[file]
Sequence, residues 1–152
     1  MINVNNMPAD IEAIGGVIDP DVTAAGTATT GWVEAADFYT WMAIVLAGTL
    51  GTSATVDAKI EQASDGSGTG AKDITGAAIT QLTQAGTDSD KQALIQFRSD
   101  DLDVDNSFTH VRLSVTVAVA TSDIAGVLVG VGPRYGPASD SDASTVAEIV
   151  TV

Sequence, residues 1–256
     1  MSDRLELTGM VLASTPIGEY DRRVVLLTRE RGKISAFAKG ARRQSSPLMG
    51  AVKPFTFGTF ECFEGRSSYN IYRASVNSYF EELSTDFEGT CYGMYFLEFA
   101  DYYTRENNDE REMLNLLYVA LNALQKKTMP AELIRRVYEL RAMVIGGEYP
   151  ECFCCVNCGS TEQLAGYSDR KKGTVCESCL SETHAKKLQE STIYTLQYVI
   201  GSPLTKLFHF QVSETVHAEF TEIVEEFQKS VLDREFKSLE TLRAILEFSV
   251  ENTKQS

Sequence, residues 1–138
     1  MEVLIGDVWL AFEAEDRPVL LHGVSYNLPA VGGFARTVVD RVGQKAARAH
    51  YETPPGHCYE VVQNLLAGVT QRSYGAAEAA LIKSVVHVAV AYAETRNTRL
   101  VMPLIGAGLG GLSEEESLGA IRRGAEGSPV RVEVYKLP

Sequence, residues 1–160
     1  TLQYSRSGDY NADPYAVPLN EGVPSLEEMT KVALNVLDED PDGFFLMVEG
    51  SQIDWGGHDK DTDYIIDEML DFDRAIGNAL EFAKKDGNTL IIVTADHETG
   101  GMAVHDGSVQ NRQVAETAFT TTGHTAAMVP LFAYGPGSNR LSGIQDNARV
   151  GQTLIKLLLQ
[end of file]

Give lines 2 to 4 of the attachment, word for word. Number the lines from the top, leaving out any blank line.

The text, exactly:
     1  MINVNNMPAD IEAIGGVIDP DVTAAGTATT GWVEAADFYT WMAIVLAGTL
    51  GTSATVDAKI EQASDGSGTG AKDITGAAIT QLTQAGTDSD KQALIQFRSD
   101  DLDVDNSFTH VRLSVTVAVA TSDIAGVLVG VGPRYGPASD SDASTVAEIV